Supervalu Inc. (SVU) and Blackwells Capital are lobbying shareholder groups for support ahead of a meeting next month that will decide the fate of the board. Blackwells, which owns a roughly 7.3% stake in company and is seeking six seats on the nine-member board, released a filing Monday promoting its slate of board nominees. "The professionals we have nominated have studied Supervalu's businesses carefully and have specific suggestions and initiatives to discuss with shareholders and management," Blackwells said. "The current board has, in our view, continued to prove itself to be unimaginative, intractable and lackadaisical stewards of the company, to the great detriment of Supervalu's shareholders." Blackwells also suggested that if its board members are elected, a sale of the company is possible. One of the priorities the investor proposed is "carefully reviewing, and objectively assessing, all avenues of value creation, including those that involve strategic transactions." Supervalu responded with a filing of its own, arguing that its current board and management have already made major changes—such as selling off discount grocery chain Save-A-Lot and various real estate holdings—and claimed Blackwells was trying to seize control without paying a premium to all stockholders. The battle will come to a head at the shareholder's meeting on Aug. 16.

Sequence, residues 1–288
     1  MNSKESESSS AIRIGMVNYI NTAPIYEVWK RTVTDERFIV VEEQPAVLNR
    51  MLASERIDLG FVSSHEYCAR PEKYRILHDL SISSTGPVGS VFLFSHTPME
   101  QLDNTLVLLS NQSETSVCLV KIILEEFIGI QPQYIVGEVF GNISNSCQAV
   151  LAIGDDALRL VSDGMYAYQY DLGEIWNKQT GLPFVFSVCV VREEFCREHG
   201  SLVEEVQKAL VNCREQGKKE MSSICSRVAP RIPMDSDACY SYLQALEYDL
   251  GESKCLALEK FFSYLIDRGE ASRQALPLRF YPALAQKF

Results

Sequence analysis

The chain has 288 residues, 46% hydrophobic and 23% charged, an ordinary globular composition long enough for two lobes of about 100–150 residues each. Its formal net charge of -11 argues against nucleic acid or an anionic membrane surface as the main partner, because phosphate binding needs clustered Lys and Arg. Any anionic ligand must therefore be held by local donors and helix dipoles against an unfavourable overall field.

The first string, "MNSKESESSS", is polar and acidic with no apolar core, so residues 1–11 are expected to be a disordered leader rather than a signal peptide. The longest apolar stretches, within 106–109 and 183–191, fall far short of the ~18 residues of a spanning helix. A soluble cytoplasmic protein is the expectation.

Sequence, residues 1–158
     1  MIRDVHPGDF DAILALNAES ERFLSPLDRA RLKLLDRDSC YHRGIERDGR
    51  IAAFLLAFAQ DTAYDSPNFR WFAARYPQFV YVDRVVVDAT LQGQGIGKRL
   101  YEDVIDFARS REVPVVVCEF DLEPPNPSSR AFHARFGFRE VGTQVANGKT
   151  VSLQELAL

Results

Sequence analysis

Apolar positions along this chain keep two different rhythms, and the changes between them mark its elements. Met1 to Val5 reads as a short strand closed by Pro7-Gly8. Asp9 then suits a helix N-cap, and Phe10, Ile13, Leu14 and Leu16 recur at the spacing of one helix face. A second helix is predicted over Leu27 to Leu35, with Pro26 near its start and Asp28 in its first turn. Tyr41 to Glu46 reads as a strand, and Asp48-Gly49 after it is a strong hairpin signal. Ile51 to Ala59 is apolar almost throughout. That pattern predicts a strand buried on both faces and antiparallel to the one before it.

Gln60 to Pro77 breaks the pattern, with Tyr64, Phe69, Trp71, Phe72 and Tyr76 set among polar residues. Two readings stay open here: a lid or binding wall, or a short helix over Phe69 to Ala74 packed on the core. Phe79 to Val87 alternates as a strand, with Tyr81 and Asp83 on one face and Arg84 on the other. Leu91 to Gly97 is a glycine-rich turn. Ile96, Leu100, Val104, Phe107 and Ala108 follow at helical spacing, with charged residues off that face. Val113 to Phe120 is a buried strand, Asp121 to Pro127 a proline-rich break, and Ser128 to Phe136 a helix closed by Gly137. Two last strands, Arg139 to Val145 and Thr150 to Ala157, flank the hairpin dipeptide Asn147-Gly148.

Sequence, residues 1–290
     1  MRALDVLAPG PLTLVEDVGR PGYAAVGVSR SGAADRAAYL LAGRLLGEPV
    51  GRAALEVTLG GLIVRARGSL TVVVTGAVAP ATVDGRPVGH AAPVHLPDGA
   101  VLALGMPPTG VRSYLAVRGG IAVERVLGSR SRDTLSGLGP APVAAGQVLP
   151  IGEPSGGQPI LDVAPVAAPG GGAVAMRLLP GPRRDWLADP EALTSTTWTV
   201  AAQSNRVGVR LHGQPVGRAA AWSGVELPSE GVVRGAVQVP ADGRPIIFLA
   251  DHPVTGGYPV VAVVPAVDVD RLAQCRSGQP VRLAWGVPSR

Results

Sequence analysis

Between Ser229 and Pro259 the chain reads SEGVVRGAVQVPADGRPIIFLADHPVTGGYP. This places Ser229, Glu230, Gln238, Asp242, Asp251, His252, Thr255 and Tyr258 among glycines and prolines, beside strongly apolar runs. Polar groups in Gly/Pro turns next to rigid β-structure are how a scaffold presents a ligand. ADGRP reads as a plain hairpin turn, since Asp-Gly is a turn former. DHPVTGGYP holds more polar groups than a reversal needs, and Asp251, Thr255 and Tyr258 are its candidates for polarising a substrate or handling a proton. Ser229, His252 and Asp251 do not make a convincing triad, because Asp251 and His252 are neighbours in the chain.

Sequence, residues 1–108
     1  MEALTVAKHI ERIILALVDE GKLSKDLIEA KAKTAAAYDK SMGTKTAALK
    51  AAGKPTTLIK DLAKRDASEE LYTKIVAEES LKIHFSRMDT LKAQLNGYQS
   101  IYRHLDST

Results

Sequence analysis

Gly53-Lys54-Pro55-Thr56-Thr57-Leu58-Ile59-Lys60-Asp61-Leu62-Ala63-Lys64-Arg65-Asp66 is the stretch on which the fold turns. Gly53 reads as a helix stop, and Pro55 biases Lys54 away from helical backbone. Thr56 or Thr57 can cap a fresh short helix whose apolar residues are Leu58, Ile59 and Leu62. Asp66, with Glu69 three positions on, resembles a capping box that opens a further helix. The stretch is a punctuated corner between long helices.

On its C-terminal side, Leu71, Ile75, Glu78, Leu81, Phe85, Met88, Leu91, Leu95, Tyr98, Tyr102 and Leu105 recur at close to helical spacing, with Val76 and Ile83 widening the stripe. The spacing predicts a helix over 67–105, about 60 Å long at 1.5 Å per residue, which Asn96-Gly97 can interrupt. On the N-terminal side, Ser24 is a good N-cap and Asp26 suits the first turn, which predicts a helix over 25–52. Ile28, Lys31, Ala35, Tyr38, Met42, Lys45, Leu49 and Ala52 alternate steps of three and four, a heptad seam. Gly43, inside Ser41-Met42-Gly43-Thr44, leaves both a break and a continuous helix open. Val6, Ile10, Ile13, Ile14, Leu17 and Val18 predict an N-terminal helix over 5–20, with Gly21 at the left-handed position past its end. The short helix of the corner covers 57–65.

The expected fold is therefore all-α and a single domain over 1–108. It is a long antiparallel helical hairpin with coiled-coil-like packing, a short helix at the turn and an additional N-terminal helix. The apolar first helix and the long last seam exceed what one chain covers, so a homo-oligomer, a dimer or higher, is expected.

Investor 'Disappointed' With Brookdale Board
" Nashville Business Journal (07/09/18) Stinnett, Joel"